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Journal of Immunology Research
Volume 2017, Article ID 7261980, 5 pages
Review Article

Understanding the Role of Chemokines and Cytokines in Experimental Models of Herpes Simplex Keratitis

Department of Ophthalmology, Saint Louis University, Saint Louis, MO, USA

Correspondence should be addressed to Patrick M. Stuart; ude.uls@2trautsp

Received 21 January 2017; Accepted 26 March 2017; Published 9 April 2017

Academic Editor: Chen Zhao

Copyright © 2017 Tayaba N. Azher et al. This is an open access article distributed under the Creative Commons Attribution License, which permits unrestricted use, distribution, and reproduction in any medium, provided the original work is properly cited.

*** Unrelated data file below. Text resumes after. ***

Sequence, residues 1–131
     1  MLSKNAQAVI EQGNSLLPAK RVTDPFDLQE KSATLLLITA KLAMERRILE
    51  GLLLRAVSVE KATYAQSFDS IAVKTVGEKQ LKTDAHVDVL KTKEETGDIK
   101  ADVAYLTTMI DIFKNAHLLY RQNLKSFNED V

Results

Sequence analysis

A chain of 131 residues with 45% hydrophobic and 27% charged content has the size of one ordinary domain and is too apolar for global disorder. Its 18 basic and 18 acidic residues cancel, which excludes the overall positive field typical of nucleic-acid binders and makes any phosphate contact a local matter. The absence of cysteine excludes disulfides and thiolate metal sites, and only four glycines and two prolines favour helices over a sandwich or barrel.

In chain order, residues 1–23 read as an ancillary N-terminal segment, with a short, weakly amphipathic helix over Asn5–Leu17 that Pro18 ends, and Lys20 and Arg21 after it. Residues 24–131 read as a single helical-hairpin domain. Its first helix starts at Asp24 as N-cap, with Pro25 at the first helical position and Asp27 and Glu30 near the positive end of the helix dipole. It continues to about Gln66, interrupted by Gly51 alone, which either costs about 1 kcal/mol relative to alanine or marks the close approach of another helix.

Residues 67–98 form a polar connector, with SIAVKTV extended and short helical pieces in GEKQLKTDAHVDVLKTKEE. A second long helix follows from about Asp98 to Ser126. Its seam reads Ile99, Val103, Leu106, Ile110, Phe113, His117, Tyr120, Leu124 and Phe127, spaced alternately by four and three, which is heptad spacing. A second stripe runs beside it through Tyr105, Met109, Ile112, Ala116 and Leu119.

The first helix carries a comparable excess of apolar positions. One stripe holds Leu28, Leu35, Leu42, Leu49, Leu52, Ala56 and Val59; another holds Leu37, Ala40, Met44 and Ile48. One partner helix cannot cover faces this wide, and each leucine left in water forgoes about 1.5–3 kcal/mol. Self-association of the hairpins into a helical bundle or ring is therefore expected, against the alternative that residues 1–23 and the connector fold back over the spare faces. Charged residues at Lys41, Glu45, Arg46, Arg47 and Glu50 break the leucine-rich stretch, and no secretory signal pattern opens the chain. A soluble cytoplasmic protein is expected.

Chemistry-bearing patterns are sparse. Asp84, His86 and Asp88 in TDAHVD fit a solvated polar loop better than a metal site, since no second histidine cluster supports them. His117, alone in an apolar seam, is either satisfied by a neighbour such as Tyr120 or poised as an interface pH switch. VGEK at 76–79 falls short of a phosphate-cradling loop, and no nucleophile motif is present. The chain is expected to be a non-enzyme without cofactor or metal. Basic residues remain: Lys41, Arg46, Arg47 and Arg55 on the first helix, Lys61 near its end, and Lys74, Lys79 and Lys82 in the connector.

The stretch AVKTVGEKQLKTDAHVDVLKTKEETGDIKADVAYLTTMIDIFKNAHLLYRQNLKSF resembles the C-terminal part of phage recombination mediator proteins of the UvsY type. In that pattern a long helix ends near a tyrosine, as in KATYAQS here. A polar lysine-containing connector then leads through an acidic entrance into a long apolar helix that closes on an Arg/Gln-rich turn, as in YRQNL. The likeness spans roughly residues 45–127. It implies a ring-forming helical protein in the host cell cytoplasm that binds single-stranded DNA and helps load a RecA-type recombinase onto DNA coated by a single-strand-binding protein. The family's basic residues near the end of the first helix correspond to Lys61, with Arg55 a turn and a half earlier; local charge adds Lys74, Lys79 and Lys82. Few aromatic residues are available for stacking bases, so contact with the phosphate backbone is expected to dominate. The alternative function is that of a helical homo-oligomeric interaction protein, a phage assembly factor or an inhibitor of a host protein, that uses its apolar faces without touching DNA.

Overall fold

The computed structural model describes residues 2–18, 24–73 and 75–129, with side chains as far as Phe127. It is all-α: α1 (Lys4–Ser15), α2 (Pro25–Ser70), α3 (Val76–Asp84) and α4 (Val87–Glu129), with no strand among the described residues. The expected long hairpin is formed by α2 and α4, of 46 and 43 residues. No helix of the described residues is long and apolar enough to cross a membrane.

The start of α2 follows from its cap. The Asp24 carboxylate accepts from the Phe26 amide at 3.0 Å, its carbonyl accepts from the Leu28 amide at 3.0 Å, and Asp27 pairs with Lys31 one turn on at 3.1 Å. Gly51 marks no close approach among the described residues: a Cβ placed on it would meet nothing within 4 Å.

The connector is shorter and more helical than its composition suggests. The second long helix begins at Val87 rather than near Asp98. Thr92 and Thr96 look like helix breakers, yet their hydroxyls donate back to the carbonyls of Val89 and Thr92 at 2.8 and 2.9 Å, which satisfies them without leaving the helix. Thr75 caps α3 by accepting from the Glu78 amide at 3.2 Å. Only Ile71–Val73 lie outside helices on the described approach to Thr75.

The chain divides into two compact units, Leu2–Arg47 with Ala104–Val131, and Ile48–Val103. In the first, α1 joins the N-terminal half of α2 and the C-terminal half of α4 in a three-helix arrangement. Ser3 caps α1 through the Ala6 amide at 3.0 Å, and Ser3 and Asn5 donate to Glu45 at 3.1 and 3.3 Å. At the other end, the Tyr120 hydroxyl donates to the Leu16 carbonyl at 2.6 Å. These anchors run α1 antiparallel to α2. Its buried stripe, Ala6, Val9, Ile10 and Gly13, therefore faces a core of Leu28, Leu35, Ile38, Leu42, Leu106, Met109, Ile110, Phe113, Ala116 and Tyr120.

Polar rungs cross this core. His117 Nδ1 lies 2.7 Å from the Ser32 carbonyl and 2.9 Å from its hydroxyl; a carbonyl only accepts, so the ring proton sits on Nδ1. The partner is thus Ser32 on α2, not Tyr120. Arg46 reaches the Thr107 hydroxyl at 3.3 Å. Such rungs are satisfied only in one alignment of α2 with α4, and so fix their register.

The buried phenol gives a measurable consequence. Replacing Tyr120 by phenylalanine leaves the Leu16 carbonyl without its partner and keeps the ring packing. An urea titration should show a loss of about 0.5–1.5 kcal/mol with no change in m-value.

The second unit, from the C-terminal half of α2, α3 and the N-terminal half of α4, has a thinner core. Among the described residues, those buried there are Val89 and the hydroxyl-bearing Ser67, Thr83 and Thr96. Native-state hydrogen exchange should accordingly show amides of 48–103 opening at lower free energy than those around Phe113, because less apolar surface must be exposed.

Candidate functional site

Herpes simplex keratitis is a disease of the cornea caused by HSV-1. It is a leading cause of corneal blindness in the world. Underlying molecular mechanism is still unknown, but experimental models have helped give a better understanding of the underlying molecular pathology. Cytokines and chemokines are small proteins released by cells that play an important proinflammatory or anti-inflammatory role in modulating the disease process. Cytokines such as IL-17, IL-6, IL-1α, and IFN-γ and chemokines such as MIP-2, MCP-1, MIP-1α, and MIP-1β have proinflammatory role in the destruction caused by HSV including neutrophil infiltration and corneal inflammation, and other chemokines and cytokines such as IL-10 and CCL3 can have a protective role. Most of the damage results from neutrophil infiltration and neovascularization. While many more studies are needed to better understand the role of these molecules in both experimental models and human corneas, current studies indicate that these molecules hold potential to be targets of future therapy.